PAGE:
Saint Apollonia was one of a group of virgin martyrs who suffered in Alexandria during a local uprising against Christians prior to the Decian persecution which occurred in 250 AD, under the Roman Emperor Decius. According to church tradition, Apollonia’s torture included having all of her teeth violently pulled out or shattered. It is for this reason that she is popularly regarded as the patroness of dentistry and those suffering from toothache or other dental problems. French court painter Jehan Fouquet painted the scene of her torture in The Martyrdom of St. Apollonia.
The Roman Catholic and Eastern Orthodox (OCA) Churches celebrate the feast day of St. Apollonia of Alexandria on February 9, and she is popularly invoked against the toothache because of the torments she had to endure. St. Apollonia is represented in art with pincers in which a tooth is held. She is one of the two patron saints of Catania.
William S. Walsh noted that the major part of St. Apollonia’s relics were preserved in the former church of St. Apollonia at Rome, her head at the Basilica di Santa Maria in Trastevere, parts of her jaw in St. Basil’s, her arms at the Basilica di San Lorenzo fuori le Mura, and other relics are in the Jesuit church at Antwerp, in St. Augustine’s at Brussels, in St. Cross at Liège, in the Jesuit church at Mechlin, in the treasury of the cathedral of Porto, and in several churches at Cologne. These relics reportedly consist in some cases of a solitary tooth or a splinter of bone. In the Middle Ages, objects claimed to be St. Apollonia’s teeth were sold as toothache cures.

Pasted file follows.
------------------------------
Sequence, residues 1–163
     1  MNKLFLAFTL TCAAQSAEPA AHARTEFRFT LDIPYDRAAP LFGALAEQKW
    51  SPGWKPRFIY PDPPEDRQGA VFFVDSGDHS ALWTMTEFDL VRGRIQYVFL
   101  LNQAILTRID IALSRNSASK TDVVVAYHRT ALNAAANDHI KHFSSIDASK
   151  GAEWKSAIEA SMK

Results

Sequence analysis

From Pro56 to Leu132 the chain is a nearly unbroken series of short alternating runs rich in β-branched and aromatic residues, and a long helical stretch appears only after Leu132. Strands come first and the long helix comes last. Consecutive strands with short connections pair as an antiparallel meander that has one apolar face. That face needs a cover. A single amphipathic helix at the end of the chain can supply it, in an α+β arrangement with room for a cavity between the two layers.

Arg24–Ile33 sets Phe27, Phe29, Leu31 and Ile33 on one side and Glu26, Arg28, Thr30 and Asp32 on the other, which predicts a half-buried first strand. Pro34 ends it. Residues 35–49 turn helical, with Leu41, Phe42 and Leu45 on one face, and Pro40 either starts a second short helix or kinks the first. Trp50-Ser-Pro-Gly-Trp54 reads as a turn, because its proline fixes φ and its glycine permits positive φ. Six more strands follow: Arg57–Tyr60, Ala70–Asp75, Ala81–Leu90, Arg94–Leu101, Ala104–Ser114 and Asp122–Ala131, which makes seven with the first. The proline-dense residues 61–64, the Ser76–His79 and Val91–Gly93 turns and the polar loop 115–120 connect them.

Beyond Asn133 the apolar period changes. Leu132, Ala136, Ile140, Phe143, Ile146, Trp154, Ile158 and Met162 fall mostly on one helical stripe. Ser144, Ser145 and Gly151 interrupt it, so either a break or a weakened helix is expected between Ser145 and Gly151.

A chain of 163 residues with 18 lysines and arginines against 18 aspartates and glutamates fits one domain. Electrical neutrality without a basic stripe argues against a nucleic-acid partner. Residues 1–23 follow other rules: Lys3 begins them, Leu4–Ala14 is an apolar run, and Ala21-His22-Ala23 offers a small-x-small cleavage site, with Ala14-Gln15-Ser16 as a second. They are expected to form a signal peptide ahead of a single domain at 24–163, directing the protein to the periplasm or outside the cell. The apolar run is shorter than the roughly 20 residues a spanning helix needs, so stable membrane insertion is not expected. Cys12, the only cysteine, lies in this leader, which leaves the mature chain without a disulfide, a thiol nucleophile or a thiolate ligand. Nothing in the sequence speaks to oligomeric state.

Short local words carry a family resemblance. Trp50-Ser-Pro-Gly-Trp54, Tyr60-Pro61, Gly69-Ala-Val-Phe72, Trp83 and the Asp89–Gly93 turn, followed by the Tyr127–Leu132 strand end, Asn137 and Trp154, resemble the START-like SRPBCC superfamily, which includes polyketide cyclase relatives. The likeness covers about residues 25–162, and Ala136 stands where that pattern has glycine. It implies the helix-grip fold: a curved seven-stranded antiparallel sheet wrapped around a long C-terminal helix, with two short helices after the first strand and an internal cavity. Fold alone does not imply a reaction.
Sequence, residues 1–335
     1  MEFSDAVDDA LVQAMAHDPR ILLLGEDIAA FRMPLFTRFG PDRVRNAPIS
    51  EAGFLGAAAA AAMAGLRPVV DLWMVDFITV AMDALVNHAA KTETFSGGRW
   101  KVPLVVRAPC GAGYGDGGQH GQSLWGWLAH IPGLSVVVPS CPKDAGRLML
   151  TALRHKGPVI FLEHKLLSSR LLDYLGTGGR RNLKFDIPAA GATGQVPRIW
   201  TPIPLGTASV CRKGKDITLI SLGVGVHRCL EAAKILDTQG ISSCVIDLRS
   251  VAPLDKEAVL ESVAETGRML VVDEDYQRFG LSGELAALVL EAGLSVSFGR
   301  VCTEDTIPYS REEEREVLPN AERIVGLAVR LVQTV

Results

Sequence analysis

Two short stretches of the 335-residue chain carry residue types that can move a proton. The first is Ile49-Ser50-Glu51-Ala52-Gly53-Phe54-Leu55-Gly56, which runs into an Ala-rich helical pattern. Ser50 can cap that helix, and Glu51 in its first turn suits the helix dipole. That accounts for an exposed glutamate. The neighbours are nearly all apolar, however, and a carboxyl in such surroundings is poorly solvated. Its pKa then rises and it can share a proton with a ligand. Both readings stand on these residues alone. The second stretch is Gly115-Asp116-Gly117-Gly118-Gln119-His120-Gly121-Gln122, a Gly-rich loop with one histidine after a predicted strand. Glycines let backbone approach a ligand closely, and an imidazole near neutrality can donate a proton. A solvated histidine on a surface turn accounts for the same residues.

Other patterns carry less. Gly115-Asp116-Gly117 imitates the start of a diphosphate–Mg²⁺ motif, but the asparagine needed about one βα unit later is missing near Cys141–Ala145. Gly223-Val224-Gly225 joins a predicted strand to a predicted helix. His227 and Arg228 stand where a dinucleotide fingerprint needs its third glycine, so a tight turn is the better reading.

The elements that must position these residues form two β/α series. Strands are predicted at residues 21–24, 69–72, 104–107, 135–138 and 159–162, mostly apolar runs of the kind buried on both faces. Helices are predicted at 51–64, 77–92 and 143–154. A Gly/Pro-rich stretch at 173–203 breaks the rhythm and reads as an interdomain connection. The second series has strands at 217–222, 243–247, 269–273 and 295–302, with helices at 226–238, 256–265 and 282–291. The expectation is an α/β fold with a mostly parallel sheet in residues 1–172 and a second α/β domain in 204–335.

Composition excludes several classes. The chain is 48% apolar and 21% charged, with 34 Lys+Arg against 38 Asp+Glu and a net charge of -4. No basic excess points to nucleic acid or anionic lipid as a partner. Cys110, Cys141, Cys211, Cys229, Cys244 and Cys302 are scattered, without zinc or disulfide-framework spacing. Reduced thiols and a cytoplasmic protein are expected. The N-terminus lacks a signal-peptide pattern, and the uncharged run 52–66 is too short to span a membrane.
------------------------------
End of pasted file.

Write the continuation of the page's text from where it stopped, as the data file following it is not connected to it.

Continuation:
There was a church dedicated to the saint in Rome, near the Basilica di Santa Maria in Trastevere, but it no longer exists. Only its little square, the Piazza Sant’Apollonia remains.
In some areas of Italy, she is cast in the role of the tooth fairy, collecting children’s fallen baby teeth while they sleep and leaving a gift in exchange.
There are 52 known images of St. Apollonia in various English churches that survived the ravages of the 16th-century Commissioners.
St. Apollonia’s image is the side support of the arms of the British Dental Association.